Posts by: Britney Han

Back-To-School Insurance Tips 

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For Immediate Release:
August 17, 2022

Back-To-School Insurance Tips

By Oklahoma Insurance Commissioner Glen Mulready

 

Summer is coming to an end, and the beginning of the new school year is around the corner. As the parent of two college students and one who recently graduated, I understand how exciting this time is for students and parents. Whether you are a recent high school graduate going into college or a nervous parent getting ready for your child’s first day, it is important to review your insurance policies to make sure your entire family is properly covered.

During this busy time of year, I want to remind Oklahomans that having proper insurance can provide greater peace of mind all year long and protect their family from financial disaster. Here are some insurance tips parents and students should consider before heading to school.

Home

If your student is moving into a dorm room, your homeowners policy will likely cover their belongings in case of a loss. Ask your child to let you know if they buy a new computer or other pricey items. You’ll need to check with your insurance company to ensure your coverage will take care of these things.

Students living off-campus should consider renters insurance. This coverage will protect students’ belongings and protect them if someone is injured on the property. Premiums for renters insurance range between $15-$30 a month, depending on the location and size of the rental unit and the value of the possessions. Whether they live on campus or off-campus, a home inventory is a good idea. The list of items will make a future insurance claim quicker and easier to settle.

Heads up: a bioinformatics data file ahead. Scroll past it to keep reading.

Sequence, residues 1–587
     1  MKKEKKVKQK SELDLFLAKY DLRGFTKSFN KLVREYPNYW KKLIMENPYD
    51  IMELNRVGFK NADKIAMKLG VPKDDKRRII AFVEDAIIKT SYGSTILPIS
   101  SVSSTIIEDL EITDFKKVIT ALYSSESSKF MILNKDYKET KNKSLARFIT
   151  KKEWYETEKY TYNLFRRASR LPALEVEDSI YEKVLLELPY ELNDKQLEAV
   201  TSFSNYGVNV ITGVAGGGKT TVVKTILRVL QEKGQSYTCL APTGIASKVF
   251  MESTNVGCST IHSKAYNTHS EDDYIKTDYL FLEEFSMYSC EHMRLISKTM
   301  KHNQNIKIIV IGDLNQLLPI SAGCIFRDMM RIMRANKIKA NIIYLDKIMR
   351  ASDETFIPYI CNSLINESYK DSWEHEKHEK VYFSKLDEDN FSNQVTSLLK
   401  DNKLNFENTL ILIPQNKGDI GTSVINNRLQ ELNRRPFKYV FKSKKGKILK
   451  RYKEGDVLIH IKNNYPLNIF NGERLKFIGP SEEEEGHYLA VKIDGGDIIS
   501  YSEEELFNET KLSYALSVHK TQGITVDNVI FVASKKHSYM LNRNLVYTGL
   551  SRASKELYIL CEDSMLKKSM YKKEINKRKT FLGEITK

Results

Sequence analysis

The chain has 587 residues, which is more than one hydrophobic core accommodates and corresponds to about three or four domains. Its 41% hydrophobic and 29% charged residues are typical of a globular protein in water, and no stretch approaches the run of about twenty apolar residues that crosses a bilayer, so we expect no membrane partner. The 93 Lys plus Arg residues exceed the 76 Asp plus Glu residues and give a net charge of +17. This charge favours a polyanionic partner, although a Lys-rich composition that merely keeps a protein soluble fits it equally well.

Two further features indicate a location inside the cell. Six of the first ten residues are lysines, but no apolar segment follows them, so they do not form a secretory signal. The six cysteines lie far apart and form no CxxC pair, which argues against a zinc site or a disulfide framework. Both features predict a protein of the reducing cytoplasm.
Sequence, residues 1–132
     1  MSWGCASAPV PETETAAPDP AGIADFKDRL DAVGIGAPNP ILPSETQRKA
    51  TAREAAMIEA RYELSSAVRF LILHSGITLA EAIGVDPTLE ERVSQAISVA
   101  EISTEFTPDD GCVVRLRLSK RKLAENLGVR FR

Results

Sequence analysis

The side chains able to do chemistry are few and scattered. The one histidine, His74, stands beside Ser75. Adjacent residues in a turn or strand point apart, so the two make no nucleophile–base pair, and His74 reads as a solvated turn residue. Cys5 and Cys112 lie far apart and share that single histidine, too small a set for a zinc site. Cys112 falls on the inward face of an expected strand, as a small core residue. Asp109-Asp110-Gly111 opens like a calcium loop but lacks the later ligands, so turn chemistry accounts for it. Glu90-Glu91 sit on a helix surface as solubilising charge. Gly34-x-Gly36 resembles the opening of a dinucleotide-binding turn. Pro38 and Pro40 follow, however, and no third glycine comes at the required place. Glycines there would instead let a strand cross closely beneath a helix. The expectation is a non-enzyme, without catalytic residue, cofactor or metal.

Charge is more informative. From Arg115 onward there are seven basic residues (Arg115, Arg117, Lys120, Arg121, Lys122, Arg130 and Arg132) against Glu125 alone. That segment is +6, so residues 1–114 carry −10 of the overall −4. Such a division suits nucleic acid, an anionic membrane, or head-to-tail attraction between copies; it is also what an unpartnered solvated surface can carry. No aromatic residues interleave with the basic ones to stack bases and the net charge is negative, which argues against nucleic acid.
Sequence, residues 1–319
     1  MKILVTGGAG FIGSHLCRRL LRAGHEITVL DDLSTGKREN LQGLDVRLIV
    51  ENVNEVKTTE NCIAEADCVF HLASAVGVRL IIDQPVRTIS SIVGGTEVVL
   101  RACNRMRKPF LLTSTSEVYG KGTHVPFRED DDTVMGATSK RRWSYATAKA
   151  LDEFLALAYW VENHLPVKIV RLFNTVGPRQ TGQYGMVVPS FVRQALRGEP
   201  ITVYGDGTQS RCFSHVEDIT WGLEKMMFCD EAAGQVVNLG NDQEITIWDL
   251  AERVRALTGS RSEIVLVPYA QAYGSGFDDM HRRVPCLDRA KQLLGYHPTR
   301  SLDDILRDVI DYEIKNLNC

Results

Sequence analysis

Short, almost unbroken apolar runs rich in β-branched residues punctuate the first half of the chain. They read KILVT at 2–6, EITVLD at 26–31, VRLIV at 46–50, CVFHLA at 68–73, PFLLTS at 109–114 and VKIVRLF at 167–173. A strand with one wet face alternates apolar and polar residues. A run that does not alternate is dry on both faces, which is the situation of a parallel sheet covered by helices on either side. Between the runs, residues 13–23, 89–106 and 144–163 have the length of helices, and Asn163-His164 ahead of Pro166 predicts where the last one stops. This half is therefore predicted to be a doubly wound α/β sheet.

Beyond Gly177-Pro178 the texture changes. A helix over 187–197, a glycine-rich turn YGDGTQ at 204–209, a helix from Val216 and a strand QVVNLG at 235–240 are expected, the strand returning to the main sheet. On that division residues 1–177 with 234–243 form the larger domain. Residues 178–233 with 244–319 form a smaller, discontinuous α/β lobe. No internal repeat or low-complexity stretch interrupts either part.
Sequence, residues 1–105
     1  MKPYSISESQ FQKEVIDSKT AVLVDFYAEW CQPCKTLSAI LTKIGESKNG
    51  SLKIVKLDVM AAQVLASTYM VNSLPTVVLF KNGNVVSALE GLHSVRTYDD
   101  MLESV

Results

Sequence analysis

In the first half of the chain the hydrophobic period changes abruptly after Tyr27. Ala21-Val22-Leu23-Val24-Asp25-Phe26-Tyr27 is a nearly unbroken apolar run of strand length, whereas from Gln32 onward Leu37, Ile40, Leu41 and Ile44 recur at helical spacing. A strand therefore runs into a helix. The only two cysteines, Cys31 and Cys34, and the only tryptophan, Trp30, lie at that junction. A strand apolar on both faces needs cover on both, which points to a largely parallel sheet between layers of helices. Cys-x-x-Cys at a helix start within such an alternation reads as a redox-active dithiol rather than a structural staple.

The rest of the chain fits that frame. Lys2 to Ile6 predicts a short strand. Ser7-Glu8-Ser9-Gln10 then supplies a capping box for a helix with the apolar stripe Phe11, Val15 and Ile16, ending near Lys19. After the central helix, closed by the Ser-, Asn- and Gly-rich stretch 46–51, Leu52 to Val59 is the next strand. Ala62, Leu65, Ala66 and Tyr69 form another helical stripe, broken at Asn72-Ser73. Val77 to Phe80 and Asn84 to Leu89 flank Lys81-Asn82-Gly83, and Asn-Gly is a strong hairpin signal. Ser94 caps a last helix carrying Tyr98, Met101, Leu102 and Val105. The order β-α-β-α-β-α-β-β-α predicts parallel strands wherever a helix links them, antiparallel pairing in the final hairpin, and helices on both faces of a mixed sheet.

Auto

Oklahoma requires every car to have auto liability coverage or otherwise meet the financial responsibility requirements of Oklahoma law. Auto liability insurance pays for property damage and bodily injury to someone else if you are found responsible for an accident, up to the policy’s limits. If the title to the car is in your student’s name, they will have to have their own policy. If your college student is driving a vehicle you own, your child can likely stay on your policy.

If your student is heading to college without a vehicle, you might be eligible for a “student away at school” car insurance discount. Check with your insurance agent or insurance company and let them know where the car will be stored if the address differs from what’s on the policy.

Health

Students have several options for health insurance coverage while away at college. If your children are covered under your insurance now, chances are they will still be covered while away at school. Any insurance plan that offers dependent coverage must make that available until the dependent is 26.

Many colleges and universities also offer their own student health insurance plans. The premiums and features vary widely from school to school. Check with your student’s school health center to see available coverage options.

Denied Insurance Claims

If your family experiences a claim denial or settlement disagreement, you can file a complaint at oid.ok.gov. The Oklahoma Insurance Department’s Consumer Assistance team serves to mediate claims between policyholders and insurance companies.

If you have questions about other insurance issues, please contact the Oklahoma Insurance Department at 1-800-522-0071 or visit our website at www.oid.ok.gov. 

 

Questions or comments should be directed to